The Bass-Baseball Connection: Would You Be Scouted For The Majors?

Baseball is often called America’s favorite pastime, and being a big fan of pro and college ball, I don’t necessarily … Continued

Baseball is often called America’s favorite pastime, and being a big fan of pro and college ball, I don’t necessarily disagree. But I’m going to go ahead and say bass fishing may hold down a close second, and the two are kind of similar. Both baseball and bass fishing are long, drawn-out games that can seem boring to lay people. Maybe they’ll watch the action-packed moments that make the highlight reels. If you’re intimately involved in either sport, however, you may be more impressed with the skill or decision-making that lead to a quick snippet in a highlight reel. In baseball, a great overall player is measured by the 5 predominant tools he possesses, which include hitting for average, hitting for power, overall speed on the bases, fielding prowess, and arm strength when throwing. In bass fishing, I have never really seen 5 performance tools laid out, so here’s what I came up with based on my experience and “scouting” other great anglers. What are your strengths, and where do you need improvement?

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Fishing What You See: Understanding how to attack and decipher shallow cover is a huge component of bass fishing. And I’m not just talking about choosing the correct bait. I’m referring to the ability to choose the prime shallow locations based on variables like time of the year, picking the best cover when there’s tons of other great looking cover available, and the ability to gauge if that piece of cover is worth the time to fish. Good shallow fishermen decipher this well; great shallow fishermen dissect the most finite details of what their spot should hold and how to use it to get results.

Fishing What You Don’t See: There is something about fishing deep that creates a roadblock for many anglers. Great deep fishermen precisely calculate all the measurements of their boat electronics, boat position, and strike-inducing casting angles. They possess the uncanny ability to feel their baits on the unseen structure. The average angler has difficulty with deep-water fishing because there are usually no immediate visual cues or feedback associated with each cast or each fish caught. It’s a hugely important tool that some never develop, but a very necessary one to master if you want to conquer bass during all phases of their annual cycles.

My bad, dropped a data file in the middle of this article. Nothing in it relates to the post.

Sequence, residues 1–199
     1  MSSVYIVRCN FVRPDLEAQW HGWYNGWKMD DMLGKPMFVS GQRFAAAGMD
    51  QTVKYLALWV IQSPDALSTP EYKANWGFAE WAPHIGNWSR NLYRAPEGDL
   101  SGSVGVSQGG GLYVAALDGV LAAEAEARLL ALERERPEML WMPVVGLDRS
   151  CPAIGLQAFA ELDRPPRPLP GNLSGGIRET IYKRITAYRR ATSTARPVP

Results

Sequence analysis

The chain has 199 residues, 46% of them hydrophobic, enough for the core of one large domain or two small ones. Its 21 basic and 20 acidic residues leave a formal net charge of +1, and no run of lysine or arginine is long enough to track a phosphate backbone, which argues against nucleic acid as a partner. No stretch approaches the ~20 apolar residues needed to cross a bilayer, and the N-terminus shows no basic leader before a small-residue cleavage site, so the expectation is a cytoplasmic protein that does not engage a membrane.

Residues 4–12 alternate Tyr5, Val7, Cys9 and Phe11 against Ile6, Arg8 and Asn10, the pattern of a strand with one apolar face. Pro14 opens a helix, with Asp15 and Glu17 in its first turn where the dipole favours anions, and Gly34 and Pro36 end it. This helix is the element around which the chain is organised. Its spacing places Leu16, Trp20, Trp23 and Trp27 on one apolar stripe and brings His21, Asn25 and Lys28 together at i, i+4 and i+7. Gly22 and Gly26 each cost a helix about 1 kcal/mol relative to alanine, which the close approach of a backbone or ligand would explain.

Adapting to the Conditions: It may be a little difficult to pinpoint an accurate measurement of this tool, as it would be in the case of timing a home-to first run in baseball, but it’s still very important. In bass fishing you are dealing with many variables like weather changes, water clarity, barometric pressure, wind…this list could go on and on. The ability to adapt to the given situation–or changing situation–requires a lot of data absorption, processing, and recalculating. Doing it well often takes a great deal of mental fortitude and a willingness to roll with the punches without panicking or giving up. Some have it, and therefore can make split-second decisions to move, stay, or change lures. Others are “one trick ponies,” or spend too much time weighing options, which inevitably results in less bass in the boat.

Casting: Not only is it necessary to have pinpoint accuracy at all distances to score high in this category, the presentation, landing, and overall manipulation of a particular bait to get strikes has to be second nature at all times, especially during the pressure-packed moments. In baseball, a great hitter uses all parts of the field with both power and average in mind and holds the bat like a magic wand, even in the clutch. So must a great casting angler, regardless of what style rod, reel, or lure is in his or her hands.

Endurance: If you think both physical and mental conditioning doesn’t play a part in the success of the modern bass fisherman, you are dead wrong. A day on the water is a long drawn out game, and if you lump three or four days together you are talking about a very tiring process for the mind and body. I often find that poor decisions made on the water are the result of an angler being tired. So, an angler that scores high in this category must be able to look beyond what the body and mind tells them not to do after the 7th inning stretch, and do it anyway to afford the opportunity of a win in the bottom of the 9th.